As districts adopt an “assume breach” mindset, they must simultaneously develop an actionable plan to protect against any attacks. One key part of their plan must include visibility into all networks and across all traffic. After all, they cannot defend against what they cannot see.

In today’s environment, it’s essential to have a comprehensive view of traffic across all school-issued devices, whether students are at school or at home. Visibility enables the enforcement of least-privilege security policies–a concept where a user is only granted access or permission on a network when it is absolutely necessary on all workloads–regardless of the location. End-to-end visibility across the entire hybrid attack surface will eliminate blind spots, identify vulnerabilities and critical assets, and enable IT teams to effectively monitor all network activities.

Implement a segmentation strategy

Districts can also adopt Zero Trust Segmentation (ZTS), also known as microsegmentation. ZTS is based on the principles of least-privilege access and is a foundational pillar of any Zero Trust architecture. Through the continuous visualization of all communication patterns and traffic between workflows, devices, and the internet, ZTS constantly verifies a user and creates granular policies that permit only essential communication. That way, if a breach or attack does occur, the attacker cannot easily move across the environment to compromise more assets and instead will be contained and isolated.

Through leveraging end-to-end visibility and ZTS, districts ensure the protection of critical assets and school-issued devices both in and outside of the classroom. This approach not only protects valuable information, such as student data, but also lowers the risks of consequences stemming from an attack.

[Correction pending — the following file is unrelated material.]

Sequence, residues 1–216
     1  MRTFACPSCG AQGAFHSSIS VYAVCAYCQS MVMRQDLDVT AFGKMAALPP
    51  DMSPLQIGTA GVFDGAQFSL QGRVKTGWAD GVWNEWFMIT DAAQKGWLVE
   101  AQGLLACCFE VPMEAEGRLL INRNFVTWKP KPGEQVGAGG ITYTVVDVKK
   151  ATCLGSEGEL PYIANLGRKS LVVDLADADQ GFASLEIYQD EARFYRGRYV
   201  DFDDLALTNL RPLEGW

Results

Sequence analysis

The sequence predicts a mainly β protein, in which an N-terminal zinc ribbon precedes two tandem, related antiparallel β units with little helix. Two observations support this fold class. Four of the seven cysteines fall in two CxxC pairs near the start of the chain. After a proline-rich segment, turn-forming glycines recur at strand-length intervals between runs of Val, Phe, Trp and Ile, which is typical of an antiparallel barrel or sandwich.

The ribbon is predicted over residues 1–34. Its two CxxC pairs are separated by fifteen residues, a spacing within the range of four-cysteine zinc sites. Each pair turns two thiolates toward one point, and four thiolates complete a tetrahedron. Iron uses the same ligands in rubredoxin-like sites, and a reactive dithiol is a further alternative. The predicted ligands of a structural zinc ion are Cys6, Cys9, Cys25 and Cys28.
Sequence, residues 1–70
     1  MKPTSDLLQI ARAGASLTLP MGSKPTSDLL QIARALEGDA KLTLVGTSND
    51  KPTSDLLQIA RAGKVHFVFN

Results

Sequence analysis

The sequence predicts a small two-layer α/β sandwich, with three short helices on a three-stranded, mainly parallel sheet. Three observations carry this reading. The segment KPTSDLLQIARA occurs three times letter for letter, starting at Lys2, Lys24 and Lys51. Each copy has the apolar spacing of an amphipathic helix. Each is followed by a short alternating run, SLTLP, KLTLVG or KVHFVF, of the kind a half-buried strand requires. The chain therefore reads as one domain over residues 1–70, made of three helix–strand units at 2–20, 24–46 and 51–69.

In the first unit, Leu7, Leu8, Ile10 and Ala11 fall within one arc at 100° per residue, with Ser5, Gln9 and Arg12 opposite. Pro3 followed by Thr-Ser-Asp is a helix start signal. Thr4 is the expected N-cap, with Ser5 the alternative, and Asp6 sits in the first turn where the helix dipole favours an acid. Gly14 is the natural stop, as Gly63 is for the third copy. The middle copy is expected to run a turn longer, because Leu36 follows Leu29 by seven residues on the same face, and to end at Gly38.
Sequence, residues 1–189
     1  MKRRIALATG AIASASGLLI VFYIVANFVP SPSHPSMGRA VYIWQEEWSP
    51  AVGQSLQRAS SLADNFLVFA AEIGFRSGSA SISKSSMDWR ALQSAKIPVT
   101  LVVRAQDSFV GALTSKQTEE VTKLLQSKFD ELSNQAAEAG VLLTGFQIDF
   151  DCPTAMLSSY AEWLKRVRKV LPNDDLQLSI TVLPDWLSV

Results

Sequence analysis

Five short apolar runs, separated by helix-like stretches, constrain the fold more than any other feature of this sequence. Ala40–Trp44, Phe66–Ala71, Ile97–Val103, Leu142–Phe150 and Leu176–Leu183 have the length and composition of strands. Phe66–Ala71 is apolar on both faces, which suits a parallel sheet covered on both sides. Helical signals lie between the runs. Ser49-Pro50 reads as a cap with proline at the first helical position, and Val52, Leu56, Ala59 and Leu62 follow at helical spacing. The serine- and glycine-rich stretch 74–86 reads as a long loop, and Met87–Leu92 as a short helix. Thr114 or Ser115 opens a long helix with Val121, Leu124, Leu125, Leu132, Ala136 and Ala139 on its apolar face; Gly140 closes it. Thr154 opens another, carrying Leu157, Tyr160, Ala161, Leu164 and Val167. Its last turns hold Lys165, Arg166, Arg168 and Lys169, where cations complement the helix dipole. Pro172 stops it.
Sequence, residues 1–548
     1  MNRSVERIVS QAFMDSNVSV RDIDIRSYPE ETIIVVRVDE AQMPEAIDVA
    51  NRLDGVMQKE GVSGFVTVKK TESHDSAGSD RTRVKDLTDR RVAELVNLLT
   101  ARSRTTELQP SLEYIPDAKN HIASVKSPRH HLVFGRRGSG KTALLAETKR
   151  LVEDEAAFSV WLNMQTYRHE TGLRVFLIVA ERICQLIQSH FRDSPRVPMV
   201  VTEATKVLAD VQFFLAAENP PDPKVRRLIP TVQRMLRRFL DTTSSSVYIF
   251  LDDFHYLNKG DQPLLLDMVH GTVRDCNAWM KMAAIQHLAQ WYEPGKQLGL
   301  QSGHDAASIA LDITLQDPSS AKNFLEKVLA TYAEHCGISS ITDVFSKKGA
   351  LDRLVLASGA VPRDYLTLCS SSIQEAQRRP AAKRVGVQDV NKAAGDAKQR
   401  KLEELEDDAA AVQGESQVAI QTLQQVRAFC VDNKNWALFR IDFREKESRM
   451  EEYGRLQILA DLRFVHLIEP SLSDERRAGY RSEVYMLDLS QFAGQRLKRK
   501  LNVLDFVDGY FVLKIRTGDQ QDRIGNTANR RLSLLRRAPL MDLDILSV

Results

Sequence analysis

The role students can play in cyber hygiene practices

There are steps everyone, including students, can take to enhance a school’s cyber strategies. Examples include creating complex passwords, ensuring software is regularly updated, participating in phishing awareness training, and implementing multifactor authentication (MFA). To ensure cybersecurity culture is reinforced and part of the curriculum, schools can make sure this is covered in teacher workshop days.

Furthermore, schools can establish a system to ensure student participation by involving IT teams in the classroom and inviting them to educate students on the importance of cyber hygiene practices. Maintaining cybersecurity awareness is a continual endeavor, and both staff and students would benefit from refresher courses and training to remain knowledgeable about emerging threats and the latest security best practices.

Protecting education

In an era where learning extends beyond the classroom, it’s crucial that districts have robust and modern strategies in place to protect valuable information and allow schools to operate as normal even when an attack occurs. From more senior strategies, like IT teams adopting an “assume breach” mindset, increasing end-to-end visibility, and implementing ZTS, to everyday practices, like students being able to identify suspicious emails and effectively set up MFA, everyone can play a part in reducing the attack surface before it’s too late.